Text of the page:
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Abstract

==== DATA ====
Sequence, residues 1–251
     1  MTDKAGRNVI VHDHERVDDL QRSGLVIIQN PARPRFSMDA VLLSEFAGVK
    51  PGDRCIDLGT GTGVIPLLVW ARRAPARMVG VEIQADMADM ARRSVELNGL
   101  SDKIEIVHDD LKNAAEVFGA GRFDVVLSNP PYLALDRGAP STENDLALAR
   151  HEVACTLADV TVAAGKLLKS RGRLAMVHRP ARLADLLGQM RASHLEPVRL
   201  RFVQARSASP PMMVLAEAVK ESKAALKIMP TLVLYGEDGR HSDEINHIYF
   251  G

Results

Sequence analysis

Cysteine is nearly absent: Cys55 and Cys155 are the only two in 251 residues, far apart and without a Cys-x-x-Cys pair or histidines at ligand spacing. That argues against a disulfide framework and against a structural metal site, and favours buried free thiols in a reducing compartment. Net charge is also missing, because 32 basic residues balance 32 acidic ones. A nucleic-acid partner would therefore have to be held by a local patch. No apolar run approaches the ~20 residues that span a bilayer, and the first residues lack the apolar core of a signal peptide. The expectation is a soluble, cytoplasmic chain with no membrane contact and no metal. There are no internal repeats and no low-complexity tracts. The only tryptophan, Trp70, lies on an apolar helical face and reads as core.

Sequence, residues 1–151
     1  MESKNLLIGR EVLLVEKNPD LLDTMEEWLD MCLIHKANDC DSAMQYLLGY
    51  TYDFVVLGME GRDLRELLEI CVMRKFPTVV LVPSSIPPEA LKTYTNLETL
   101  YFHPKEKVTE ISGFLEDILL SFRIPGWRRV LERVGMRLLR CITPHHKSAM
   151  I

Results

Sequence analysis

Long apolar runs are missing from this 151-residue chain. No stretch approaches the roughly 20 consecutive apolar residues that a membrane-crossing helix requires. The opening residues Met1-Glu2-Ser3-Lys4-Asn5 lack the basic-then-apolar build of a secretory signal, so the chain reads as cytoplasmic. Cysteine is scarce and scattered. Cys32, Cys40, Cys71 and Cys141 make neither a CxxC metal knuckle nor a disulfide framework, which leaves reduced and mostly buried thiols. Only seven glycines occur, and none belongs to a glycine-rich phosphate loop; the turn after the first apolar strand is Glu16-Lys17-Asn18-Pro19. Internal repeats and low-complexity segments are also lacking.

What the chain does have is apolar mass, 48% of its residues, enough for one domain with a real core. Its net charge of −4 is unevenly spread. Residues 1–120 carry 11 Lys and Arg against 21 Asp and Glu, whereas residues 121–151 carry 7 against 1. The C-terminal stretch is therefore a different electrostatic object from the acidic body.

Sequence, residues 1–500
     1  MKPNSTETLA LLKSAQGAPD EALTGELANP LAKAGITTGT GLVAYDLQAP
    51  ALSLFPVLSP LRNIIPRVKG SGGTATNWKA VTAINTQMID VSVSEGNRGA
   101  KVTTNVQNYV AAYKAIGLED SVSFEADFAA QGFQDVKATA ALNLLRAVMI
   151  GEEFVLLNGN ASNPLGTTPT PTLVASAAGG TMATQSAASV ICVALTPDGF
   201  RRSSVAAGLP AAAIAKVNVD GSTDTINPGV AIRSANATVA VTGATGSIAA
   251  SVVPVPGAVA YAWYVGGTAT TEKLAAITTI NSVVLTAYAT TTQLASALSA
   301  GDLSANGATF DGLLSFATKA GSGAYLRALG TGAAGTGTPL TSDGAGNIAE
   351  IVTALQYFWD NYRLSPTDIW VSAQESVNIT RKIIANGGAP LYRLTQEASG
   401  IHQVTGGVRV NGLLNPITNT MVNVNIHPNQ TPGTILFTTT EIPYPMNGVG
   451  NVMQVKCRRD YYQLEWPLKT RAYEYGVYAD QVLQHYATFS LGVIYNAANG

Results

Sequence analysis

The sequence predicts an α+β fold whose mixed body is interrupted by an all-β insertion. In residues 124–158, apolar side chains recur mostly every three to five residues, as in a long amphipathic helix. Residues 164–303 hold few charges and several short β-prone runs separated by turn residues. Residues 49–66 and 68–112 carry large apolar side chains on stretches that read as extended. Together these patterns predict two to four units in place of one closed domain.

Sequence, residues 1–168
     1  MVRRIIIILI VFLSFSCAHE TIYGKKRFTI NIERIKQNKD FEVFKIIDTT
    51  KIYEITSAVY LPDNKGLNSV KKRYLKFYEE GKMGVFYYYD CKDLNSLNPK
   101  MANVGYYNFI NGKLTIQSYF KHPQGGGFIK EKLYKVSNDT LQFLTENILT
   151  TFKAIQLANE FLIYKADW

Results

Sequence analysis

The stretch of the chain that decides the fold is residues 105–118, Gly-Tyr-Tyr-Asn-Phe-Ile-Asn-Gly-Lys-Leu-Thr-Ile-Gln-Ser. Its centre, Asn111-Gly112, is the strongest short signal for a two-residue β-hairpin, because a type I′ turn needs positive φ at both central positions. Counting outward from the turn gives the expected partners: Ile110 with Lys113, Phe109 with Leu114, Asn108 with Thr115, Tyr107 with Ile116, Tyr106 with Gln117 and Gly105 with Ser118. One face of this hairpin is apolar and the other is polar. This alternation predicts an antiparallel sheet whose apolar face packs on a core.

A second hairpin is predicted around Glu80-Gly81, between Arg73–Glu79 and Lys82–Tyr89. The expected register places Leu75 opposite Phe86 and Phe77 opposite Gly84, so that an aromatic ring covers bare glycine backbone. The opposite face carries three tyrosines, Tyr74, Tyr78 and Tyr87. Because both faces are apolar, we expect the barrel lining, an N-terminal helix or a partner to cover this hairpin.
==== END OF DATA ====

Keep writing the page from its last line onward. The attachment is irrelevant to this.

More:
The acquisition of a permeability high enough to constitute an aquifer in crystalline rocks is a result of physico-chemical weathering through the transformation of minerals by the chemical processes of oxidation and hydration. The volumetric changes resulting from hydration induce stresses that fracture unweathered rocks. These reactions are exothermic, suggesting that the heat produced may generate a geothermal signature and even some hydrothermal effects. This paper develops a simplified model of thermal disturbance related to exothermic hydration to determine the relevance of this potential thermal effect. The fundamental thermal parameter is the rate of heat production, which is the product of the heat generation per unit volume multiplied by the velocity of the propagation of the front. When the front velocity is c. ≤1 mm a−1, the temperature disturbance is negligible. The thermal effect only becomes significant if propagation of the front is extremely rapid (several centimetres per year). This observation led to an investigation of the instantaneous value of the front propagation velocity. This parameter was evaluated using a physical model coupling diffusion and chemical reactions with rock fracturing. Such extreme front velocities were only reached in exceptional circumstances; in most common situations, the weathering of crystalline rocks does not cause geothermal effects.

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